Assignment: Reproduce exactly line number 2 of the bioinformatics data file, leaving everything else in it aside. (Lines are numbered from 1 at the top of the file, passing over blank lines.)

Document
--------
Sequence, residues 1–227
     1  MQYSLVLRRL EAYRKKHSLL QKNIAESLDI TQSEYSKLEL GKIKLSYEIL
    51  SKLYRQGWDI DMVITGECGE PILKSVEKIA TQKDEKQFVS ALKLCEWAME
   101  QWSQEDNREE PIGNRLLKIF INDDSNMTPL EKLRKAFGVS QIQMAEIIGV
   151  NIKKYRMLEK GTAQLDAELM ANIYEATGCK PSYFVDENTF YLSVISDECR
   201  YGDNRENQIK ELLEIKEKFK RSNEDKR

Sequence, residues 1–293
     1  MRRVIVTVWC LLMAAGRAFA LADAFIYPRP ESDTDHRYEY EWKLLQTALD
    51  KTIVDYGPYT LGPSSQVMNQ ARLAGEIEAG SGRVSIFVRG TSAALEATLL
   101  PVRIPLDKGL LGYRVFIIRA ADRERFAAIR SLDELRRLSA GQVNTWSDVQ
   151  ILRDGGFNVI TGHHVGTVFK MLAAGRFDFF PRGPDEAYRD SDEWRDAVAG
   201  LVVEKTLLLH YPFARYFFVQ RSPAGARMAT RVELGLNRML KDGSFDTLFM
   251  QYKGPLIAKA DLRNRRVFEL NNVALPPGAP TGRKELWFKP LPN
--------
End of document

     1  MQYSLVLRRL EAYRKKHSLL QKNIAESLDI TQSEYSKLEL GKIKLSYEIL